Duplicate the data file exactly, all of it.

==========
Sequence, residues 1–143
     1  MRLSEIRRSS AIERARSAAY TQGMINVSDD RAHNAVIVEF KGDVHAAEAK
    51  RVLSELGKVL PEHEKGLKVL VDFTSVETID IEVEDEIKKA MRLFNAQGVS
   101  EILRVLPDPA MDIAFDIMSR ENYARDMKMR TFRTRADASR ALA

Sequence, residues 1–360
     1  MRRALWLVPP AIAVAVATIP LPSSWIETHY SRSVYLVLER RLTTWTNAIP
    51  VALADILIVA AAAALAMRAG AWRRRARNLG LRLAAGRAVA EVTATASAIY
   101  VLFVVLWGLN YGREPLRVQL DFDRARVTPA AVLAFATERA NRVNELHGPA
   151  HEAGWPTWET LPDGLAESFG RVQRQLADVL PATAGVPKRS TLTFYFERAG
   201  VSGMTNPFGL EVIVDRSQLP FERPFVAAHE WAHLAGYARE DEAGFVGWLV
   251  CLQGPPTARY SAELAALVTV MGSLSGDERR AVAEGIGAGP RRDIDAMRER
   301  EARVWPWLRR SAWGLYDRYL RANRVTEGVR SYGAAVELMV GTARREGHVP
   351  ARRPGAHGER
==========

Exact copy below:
Sequence, residues 1–143
     1  MRLSEIRRSS AIERARSAAY TQGMINVSDD RAHNAVIVEF KGDVHAAEAK
    51  RVLSELGKVL PEHEKGLKVL VDFTSVETID IEVEDEIKKA MRLFNAQGVS
   101  EILRVLPDPA MDIAFDIMSR ENYARDMKMR TFRTRADASR ALA

Sequence, residues 1–360
     1  MRRALWLVPP AIAVAVATIP LPSSWIETHY SRSVYLVLER RLTTWTNAIP
    51  VALADILIVA AAAALAMRAG AWRRRARNLG LRLAAGRAVA EVTATASAIY
   101  VLFVVLWGLN YGREPLRVQL DFDRARVTPA AVLAFATERA NRVNELHGPA
   151  HEAGWPTWET LPDGLAESFG RVQRQLADVL PATAGVPKRS TLTFYFERAG
   201  VSGMTNPFGL EVIVDRSQLP FERPFVAAHE WAHLAGYARE DEAGFVGWLV
   251  CLQGPPTARY SAELAALVTV MGSLSGDERR AVAEGIGAGP RRDIDAMRER
   301  EARVWPWLRR SAWGLYDRYL RANRVTEGVR SYGAAVELMV GTARREGHVP
   351  ARRPGAHGER